the processor compares the video signals of an (rs) next section of the next portion of the search region to the video signals of the (rs) reference block, wherein the (rs) next section comprises the additional video signals; and
the processor encodes the video signals in accordance with the selected motion vector.
28. The apparatus of claim 23, wherein:
video signals corresponding to an (rs) first section of the next portion of the search region are stored in the search area of the computer memory;
the processor compares the video signals of the (rs) first section to the video signals of the (rs) reference block;
additional video signals corresponding to the next portion of the search region are stored in the search area of the computer memory; and
the processor compares the video signals of an (rs) next section of the next portion of the search region to the video signals of the (rs) reference block, wherein the (rs) next section comprises the additional video signals.
29. The apparatus of claim 23, wherein on-chip memory of the processor comprises the computer memory.
30. A system for processing video signals, comprising:
(a) an external memory device; and
(b) a processor having on-chip memory, wherein:
video signals corresponding to an (pq) first portion of a (mn) search region of a previous frame are transmitted from the external memory device and stored in an (pq) search area of the on-chip memory, wherein:
p is less than or equal to m; and
q is less than or equal to n;
the processor compares video signals corresponding to an (rs) reference block of a current image to the video signals in the search area, wherein:
r is less than or equal to p; and
s is less than or equal to q;
video signals corresponding to a next portion of the search region are transmitted from the external memory device and stored in the search area by overwriting a subset of the video signals in the search area, wherein the next portion of the search region is smaller than the first portion of the search region;
the processor compares video signals corresponding to an (rs) reference block of a current image to the video signals in the search area;
the processor selects a motion vector in accordance with the comparisons.
31. The system of claim 30, wherein the video signals corresponding to the (rs) reference block of the current image are transmitted from the external memory device and stored in an (rs) reference area of the on-chip memory.
32. The system of claim 30, wherein the processor encodes the video signals in accordance with the selected motion vector.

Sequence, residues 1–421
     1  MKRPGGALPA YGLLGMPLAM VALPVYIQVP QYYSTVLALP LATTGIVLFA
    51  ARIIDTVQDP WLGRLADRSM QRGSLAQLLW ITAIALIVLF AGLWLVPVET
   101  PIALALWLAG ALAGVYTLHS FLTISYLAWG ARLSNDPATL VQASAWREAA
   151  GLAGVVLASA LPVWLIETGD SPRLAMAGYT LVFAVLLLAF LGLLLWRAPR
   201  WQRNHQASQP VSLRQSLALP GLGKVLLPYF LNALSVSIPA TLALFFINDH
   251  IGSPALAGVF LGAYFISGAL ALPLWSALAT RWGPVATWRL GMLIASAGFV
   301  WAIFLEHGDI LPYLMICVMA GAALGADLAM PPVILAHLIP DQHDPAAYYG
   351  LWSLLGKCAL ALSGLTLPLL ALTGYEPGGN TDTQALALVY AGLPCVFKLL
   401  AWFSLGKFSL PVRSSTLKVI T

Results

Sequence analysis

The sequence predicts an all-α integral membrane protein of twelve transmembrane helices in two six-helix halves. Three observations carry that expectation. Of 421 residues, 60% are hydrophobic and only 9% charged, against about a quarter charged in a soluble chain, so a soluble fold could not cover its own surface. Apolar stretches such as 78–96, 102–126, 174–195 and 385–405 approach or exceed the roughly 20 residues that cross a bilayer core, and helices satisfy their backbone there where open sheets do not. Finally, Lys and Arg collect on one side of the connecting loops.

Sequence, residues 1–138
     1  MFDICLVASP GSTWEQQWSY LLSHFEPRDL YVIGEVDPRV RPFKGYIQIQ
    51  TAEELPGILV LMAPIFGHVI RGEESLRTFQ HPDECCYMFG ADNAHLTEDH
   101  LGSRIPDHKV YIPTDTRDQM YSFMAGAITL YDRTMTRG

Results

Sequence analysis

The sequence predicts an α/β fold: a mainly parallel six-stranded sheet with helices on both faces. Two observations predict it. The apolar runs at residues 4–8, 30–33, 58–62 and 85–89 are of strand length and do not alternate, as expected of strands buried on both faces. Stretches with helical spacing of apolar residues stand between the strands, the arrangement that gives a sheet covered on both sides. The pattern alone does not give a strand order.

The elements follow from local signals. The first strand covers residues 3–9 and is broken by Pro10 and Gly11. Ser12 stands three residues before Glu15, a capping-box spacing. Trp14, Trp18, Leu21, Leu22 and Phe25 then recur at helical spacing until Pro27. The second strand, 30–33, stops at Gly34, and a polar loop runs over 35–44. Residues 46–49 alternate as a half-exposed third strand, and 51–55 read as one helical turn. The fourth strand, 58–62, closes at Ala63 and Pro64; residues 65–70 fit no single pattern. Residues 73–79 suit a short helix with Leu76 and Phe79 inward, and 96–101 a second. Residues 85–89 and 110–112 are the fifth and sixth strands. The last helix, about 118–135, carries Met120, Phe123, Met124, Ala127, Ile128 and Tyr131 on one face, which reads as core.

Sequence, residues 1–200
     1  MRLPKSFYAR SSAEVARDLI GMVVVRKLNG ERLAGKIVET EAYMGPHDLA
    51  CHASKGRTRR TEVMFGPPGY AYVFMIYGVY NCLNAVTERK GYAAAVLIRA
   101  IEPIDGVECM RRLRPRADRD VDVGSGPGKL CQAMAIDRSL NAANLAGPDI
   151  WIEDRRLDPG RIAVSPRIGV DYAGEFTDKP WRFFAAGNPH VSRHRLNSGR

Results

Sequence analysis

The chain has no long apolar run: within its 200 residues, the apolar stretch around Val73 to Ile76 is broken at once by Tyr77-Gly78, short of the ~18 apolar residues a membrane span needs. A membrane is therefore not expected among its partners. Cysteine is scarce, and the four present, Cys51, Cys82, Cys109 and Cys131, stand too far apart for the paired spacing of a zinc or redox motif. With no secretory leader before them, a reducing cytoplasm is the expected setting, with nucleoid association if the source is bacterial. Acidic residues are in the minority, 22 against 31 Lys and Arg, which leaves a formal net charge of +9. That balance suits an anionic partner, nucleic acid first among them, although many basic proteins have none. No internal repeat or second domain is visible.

33. The system of claim 30, wherein:
video signals corresponding to an (rs) first section of the first portion of the search region are transmitted from the external memory device and stored in the search area of the on-chip memory;
the processor compares the video signals of the (rs) first section to the video signals of the (rs) reference block;
additional video signals corresponding to the first portion of the search region are transmitted from the external memory device and stored in the search area of the on-chip memory; and
the processor compares the video signals of an (rs) next section of the first portion of the search region to the video signals of the (rs) reference block, wherein the (rs) next section comprises the additional video signals.
34. The system of claim 33, wherein:
the video signals corresponding to the (rs) reference block of the current image are transmitted from the external memory device and stored in an (rs) reference area of the on-chip memory;
video signals corresponding to an (rs) first section of the next portion of the search region are transmitted from the external memory device and stored in the search area of the on-chip memory;
the processor compares the video signals of the (rs) first section to the video signals of the (rs) reference block;
additional video signals corresponding to the next portion of the search region are transmitted from the external memory device and stored in the search area of the on-chip memory;
the processor compares the video signals of an (rs) next section of the next portion of the search region to the video signals of the (rs) reference block, wherein the (rs) next section comprises the additional video signals; and
the processor encodes the video signals in accordance with the selected motion vector.
35. The system of claim 30, wherein: